One that has received rave reviews as working on a wide variety of breeds is the Sham Pooch Dog Shampoo by Titanium Chef. Most other shampoo recipes we’ve seen are a variation on this.
Mix a pint each of: water, Ivory, Dove or Castile liquid dishwashing soap, and apple cider vinegar.* Then add 4 oz of glycerin, which you can get from a pharmacy. Simply mix everything together and put it in a container.
*Please note: Diane, a visitor from California, wrote in to say that “if you use Castile soap you will end up with a slimy mess as the vinegar breaks down the Castille into the oils it’s made of” (the soap is a base [or alkaline] and the vinegar an acid). You may have better results by lathering with just the soap and glycerin, and then rinsing with the vinegar.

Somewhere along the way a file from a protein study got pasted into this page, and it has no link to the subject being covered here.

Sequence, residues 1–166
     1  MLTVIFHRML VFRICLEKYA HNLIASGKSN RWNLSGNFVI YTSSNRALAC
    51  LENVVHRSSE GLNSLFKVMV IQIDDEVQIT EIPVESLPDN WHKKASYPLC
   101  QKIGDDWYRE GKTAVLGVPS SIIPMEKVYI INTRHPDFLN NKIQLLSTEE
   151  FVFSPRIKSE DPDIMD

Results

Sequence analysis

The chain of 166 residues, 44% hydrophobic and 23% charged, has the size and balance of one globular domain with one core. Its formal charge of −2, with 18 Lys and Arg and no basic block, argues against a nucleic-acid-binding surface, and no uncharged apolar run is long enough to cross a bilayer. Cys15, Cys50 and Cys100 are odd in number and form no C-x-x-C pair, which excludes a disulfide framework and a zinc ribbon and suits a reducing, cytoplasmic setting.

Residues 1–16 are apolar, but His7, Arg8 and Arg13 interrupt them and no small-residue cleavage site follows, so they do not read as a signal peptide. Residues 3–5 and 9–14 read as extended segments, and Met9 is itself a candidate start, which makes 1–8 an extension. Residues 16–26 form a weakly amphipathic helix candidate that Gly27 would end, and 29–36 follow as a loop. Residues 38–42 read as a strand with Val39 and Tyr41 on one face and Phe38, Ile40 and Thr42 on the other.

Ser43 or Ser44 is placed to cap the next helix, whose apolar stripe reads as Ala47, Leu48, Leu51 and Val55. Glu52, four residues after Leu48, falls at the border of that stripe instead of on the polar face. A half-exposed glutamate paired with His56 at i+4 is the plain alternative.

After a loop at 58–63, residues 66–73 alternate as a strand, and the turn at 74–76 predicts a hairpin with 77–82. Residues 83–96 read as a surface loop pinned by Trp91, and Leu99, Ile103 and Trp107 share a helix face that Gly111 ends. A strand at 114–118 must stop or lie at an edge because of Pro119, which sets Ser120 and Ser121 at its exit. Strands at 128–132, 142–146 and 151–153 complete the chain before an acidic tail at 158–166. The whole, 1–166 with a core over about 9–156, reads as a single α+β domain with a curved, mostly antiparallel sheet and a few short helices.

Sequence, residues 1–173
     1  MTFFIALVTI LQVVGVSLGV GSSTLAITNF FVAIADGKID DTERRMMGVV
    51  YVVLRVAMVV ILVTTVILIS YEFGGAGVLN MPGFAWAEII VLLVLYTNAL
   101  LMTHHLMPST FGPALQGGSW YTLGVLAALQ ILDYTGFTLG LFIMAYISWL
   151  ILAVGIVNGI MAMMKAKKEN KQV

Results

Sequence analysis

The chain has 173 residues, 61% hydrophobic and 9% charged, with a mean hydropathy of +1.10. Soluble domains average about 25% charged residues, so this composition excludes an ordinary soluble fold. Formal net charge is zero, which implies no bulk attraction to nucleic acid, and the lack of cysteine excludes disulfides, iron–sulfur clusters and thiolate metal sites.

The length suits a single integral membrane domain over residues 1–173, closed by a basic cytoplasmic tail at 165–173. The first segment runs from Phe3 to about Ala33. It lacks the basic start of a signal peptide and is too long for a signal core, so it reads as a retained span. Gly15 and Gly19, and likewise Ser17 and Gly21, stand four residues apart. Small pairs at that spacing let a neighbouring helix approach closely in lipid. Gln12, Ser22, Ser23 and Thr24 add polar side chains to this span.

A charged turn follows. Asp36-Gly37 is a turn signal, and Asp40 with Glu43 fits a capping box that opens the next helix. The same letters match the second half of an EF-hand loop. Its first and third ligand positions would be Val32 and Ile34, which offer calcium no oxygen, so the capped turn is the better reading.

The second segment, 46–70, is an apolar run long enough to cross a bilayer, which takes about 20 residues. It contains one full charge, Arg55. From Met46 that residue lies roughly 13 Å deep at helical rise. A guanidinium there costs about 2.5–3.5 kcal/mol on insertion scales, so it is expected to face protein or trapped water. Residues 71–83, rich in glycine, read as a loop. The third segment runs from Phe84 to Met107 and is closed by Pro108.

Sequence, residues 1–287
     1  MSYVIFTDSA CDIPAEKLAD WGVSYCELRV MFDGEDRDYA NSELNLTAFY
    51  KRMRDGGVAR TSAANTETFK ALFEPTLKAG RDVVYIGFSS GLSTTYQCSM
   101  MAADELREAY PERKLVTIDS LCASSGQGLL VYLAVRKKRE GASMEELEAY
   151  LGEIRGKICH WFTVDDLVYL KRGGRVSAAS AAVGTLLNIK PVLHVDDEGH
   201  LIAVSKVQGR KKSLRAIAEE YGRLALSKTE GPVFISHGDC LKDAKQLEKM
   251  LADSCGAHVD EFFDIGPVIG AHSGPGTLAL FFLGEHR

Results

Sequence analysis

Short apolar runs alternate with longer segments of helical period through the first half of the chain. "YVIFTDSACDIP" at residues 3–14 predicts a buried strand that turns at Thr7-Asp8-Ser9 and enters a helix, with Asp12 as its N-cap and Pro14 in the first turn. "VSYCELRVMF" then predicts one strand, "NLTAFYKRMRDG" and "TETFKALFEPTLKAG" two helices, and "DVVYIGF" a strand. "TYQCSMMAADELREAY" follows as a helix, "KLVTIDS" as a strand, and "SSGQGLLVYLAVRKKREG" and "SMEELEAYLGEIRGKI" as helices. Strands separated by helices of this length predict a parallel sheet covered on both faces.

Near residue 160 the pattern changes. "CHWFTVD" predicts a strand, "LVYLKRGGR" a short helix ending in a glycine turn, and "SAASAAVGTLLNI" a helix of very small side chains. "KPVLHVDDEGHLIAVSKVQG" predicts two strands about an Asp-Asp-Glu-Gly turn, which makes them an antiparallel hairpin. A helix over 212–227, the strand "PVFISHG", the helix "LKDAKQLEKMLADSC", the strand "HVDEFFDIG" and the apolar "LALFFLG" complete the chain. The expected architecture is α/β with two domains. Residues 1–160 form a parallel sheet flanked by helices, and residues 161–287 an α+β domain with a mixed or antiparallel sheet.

Russ Richer, a dog lover featured on Article City, says he recommends a rinse made of a teaspoon of apple cider vinegar mixed with a pint of warm water to restore the pH balance of your dog’s skin after using store bought (or other) shampoos.
Here’s another comment by Jill from PurestPets in Florida:
Hi. I loved your article. My own dog has had allergies, so for the past three years I have been researching and learning as much as I can about it. I have been making his allergy shampoo for two years now. In addition to what you explained about the pH balance specific to dogs, I noticed that it also keeps the skin from drying out with frequent bathing.
HOW TO USE
Work as much as you need into your dog’s coat, let it sit for about 5 minutes, and then rinse your dog completely with warm water (or half vinegar, half water). Towel dry or let your dog dry off in a sunny place. Make sure the dog does not have access to fresh mud or manure shortly after the bath.
FREQUENCY OF USE